Bina (right) and a friend wash their hands at their school in Nepal. Photo: Tom Price/Tearfund

From: Communicable diseases – Footsteps 112

How to reduce the spread and impact of diseases that pass from person to person

An interview with Deogratias Mwakamubaya, Tearfund’s Ebola Response Coordinator in the Democratic Republic of Congo

Please tell us about Ebola.

The Ebola virus causes an acute, serious illness which is often fatal if untreated. The virus is transmitted to people from wild animals. It then spreads from person to person via direct contact with blood or body fluids from someone who is sick or has died from Ebola.

Symptoms can be sudden and include fever, tiredness, muscle pain, headache and a sore throat. These are followed by vomiting, diarrhoea and in some cases both internal and external bleeding.

The 2014–2016 Ebola outbreak in West Africa was the largest outbreak since the virus was first discovered in 1976. It started in Guinea and then moved across land borders to Sierra Leone and Liberia. The outbreak in eastern Democratic Republic of Congo (DRC) started in 2018.

How can Ebola be controlled?

Outbreaks can only be controlled if the community gets involved. Regular handwashing, disinfection of surfaces, early diagnosis and safe and dignified burials are all important. Monitoring the health of people who have been in contact with someone who has Ebola allows them to be treated straight away if any symptoms appear.

Patients receive a combination of medicines. The sooner they start this treatment, the more likely they are to recover. Vaccines to protect against Ebola are under development and have been used to help control the spread of Ebola in DRC.

What are the challenges in DRC?

Prior to the Ebola outbreak there were already many challenges including insecurity, limited access to safe water and child malnutrition.

When the outbreak started, some people did not believe Ebola existed because it was a new disease they had never experienced. The first symptoms of Ebola are similar to those of other common diseases such as malaria and typhoid. Some people were suspicious of the outsiders who arrived to help contain the virus. They accused them of profiting from the disease and spreading false information.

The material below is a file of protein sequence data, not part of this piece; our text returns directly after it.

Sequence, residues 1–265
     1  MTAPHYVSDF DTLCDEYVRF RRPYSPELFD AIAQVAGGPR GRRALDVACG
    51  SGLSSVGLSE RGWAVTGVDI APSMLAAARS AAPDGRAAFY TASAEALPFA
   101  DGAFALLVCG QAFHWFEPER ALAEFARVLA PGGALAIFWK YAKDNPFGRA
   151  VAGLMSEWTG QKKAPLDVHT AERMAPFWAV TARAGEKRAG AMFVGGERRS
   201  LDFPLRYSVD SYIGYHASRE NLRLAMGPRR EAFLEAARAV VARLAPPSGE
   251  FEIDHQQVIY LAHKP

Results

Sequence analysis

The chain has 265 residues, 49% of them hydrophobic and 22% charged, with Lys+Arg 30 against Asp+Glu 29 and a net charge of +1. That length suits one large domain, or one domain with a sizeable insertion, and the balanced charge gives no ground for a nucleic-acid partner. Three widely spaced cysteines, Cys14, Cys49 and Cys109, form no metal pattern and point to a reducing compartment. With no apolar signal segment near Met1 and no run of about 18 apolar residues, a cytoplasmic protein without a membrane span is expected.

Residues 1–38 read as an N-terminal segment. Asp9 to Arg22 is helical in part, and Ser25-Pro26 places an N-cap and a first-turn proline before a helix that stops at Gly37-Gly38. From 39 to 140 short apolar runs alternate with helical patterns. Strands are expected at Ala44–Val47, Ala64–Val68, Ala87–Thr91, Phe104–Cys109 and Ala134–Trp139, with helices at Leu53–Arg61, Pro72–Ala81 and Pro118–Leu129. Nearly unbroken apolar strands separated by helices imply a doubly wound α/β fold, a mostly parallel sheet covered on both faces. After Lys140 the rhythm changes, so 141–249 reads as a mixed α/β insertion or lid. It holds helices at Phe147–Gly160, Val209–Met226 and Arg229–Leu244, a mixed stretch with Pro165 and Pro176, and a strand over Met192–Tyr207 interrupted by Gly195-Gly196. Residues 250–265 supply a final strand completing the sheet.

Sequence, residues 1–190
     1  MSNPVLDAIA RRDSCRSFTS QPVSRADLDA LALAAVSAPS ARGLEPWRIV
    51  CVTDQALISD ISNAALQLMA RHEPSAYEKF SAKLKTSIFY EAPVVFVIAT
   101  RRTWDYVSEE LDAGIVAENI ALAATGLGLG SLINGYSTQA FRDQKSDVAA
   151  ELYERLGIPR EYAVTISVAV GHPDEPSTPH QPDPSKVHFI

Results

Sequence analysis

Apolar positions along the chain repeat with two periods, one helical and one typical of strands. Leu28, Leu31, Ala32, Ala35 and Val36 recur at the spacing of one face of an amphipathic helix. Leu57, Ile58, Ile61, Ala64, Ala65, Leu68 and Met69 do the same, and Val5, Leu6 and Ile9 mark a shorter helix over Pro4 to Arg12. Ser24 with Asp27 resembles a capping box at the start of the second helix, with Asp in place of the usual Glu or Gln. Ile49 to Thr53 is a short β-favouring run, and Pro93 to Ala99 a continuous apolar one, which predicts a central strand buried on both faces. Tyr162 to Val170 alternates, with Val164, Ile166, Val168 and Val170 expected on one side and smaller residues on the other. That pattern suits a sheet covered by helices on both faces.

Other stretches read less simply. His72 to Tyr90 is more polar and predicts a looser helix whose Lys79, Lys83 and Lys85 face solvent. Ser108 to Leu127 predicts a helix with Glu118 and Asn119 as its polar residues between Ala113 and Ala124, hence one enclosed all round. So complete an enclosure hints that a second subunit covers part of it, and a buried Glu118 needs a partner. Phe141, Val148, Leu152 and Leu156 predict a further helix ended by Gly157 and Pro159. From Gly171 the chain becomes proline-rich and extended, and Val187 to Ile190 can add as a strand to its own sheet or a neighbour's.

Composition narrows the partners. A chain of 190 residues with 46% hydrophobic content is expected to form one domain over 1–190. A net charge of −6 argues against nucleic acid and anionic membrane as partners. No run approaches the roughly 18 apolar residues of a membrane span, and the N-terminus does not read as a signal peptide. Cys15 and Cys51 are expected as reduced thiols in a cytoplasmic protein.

Sadly, this mistrust resulted in violence towards some of the people responding to the outbreak. The stigma associated with the disease stopped many people from receiving treatment when they needed it. Bodies were sometimes buried secretly. All of this contributed to the spread of Ebola in DRC.

How did you respond?

We worked with a network of evangelical churches to bring together people from different parts of the community in a workshop. This provided them with the opportunity to discuss why there was community resistance to the measures being put in place to reduce the spread of Ebola. They were then encouraged to propose actions to reduce stigma, halt the violence and help prevent the spread of the disease.

Following the workshop the participants worked together to regain community confidence. Today, important messages about how to prevent, identify and respond to Ebola are being shared much more widely, using clear language that everyone can understand.

We also worked with communities to build latrines, improve washing facilities and equip health centres. This included the building of isolation units, triage facilities and incinerators to manage solid waste.

Checking a child’s temperature in Sierra Leone. Photo: Layton Thompson/Tearfund

Checking a child’s temperature in Sierra Leone. Photo: Layton Thompson/Tearfund

How can we respond well to future disease outbreaks?

Outbreaks of serious diseases leave wounds in the hearts and lives of many people, particularly survivors and those who lose loved ones. Communities continue to need emotional, social and economic support for many months and years after the outbreak is contained.

deogratias.mwakamubaya@tearfund.org

Case study: Supporting survivors

Sadly, many survivors of Ebola in DRC face stigma, discrimination and rejection. This is mainly caused by fear of the disease and a lack of understanding about how it is spread.

Gloire tested positive for Ebola in 2019. She spent several months in an Ebola treatment centre before recovering from the disease. She says, ‘After I left the treatment centre I was rejected by my neighbours and my husband. My husband didn’t want me anymore and finally decided to leave me.

‘To be known as someone who was at the Ebola treatment centre was painful. When neighbours saw me going to fetch water, they left the place around the source and everyone kept fearing me in my neighbourhood. I felt like it was better to die. We were being treated as if we were no longer human.’

Counsellors at Bethesda are helping people to cope with the psychological and social impacts of the Ebola outbreak in DRC. Photo: Bethesda

Counsellors at Bethesda are helping people to cope with the psychological and social impacts of the Ebola outbreak in DRC. Photo: Bethesda

Gloire received support at the Bethesda counselling centre in Beni. She says, ‘I was welcomed at the Bethesda centre in a way I had never experienced since my recovery. This is where I realised that I am still human and I am determined to go on with my life. I joined a self-help group and I am now able to borrow money from the group and develop my own economic activities.’

The holistic support given to Gloire and many others at Bethesda has helped them to regain their confidence and sense of self-worth. Many have become advocates for change in their communities, sharing public health messages and helping to increase community understanding of infectious diseases such as Ebola.

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